Ange Mlinko

Ange Mlinko’s next collection, Venice, is due in April 2022.

Lydia Davis​ is big on lists. In her early short story ‘Break It Down’, the unnamed narrator attempts to balance financial and emotional ledgers in the aftermath of a love affair:

I’m breaking it all down. The ticket was $600 and then after that there was more for the hotel and food and so on, for just ten days. Say $80 a day, no, more like $100 a day. And we made love, say,...

Poem: ‘Moth Orchid’

Ange Mlinko, 12 August 2021

I like – don’t you? – that it has an insect tattooedin its sanctum sanctorum, a suitor’s pseud.That’s one aspect of its ghostliness, its moon-tones,its utter prescience, not to mention cojones.For if those speckles don’t answer to the footprintsof insects tramping through the moondustof its pollen, I don’t know what its six headdressesare for, or what...

Adrienne Rich’s​ poems speak so strongly to the current zeitgeist (dating from, say, the Occupy movement through #MeToo to Black Lives Matter) that it’s astounding – no, instructive – to realise they were written twenty, forty, fifty years ago:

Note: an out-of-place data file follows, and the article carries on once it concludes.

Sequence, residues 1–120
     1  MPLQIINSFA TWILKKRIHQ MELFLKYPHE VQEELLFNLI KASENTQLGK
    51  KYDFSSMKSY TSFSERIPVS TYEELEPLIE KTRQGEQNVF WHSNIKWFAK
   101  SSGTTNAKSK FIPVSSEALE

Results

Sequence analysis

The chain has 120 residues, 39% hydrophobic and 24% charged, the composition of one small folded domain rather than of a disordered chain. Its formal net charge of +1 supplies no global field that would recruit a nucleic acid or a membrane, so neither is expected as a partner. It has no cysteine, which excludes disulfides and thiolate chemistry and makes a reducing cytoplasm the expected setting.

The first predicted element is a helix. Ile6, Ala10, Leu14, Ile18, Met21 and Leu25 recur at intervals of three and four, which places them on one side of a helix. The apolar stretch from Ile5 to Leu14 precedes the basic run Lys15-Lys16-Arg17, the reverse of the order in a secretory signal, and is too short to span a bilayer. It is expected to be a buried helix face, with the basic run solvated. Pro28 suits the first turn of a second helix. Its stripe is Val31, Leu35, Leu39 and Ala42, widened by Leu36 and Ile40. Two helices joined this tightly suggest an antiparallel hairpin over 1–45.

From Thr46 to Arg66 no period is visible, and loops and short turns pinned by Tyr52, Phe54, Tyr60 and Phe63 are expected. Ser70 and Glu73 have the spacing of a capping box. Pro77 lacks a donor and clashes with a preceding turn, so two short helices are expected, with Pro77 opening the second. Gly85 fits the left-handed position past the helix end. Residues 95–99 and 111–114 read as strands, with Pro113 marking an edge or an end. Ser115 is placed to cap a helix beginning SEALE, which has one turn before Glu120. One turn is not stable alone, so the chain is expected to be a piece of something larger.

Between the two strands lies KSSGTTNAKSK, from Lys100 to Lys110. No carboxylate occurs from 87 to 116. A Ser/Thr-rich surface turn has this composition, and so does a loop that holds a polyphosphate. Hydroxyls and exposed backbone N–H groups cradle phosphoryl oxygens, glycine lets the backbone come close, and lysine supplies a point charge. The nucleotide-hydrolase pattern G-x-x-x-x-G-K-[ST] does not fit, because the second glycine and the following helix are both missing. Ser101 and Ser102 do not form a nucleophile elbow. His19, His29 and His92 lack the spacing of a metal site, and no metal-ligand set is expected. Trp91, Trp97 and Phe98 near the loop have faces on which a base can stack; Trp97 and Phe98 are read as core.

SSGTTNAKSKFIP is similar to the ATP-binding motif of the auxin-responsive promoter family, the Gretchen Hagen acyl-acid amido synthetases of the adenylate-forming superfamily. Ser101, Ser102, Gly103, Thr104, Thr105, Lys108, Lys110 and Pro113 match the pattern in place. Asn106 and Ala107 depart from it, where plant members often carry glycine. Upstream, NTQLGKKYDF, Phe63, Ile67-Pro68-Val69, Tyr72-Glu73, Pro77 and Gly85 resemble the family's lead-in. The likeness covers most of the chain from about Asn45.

at your tabletelephone ringsevery four minutestalkof terrible thingsthe papers bringingno good news       ...

Poem: ‘The Mechanicals’

Ange Mlinko, 3 June 2021

‘Couples can wed at the Miami Zoo …’She is laughing to her confessor,a tightswathed, foiling hairdresser(whose biceps playing peekaboo,

as he parts and lifts and snips,suggest the weight of the flattening ironor the tensility in the ringlets of that sirenchatting about her ‘upcoming trips’).

Zoe, meanwhile, creases my headdress,also of foil, in which I look,arrayed...

Like Washbasins: Yiyun Li

Ange Mlinko, 6 May 2021

Lilia Imbody​ (née Liska), ‘from Benicia, California’, is the resident curmudgeon at Bayside Garden retirement community: ‘anyone sitting next to her fell into the category of the unwelcome.’ She’s also a specialist in mordant wisecracks: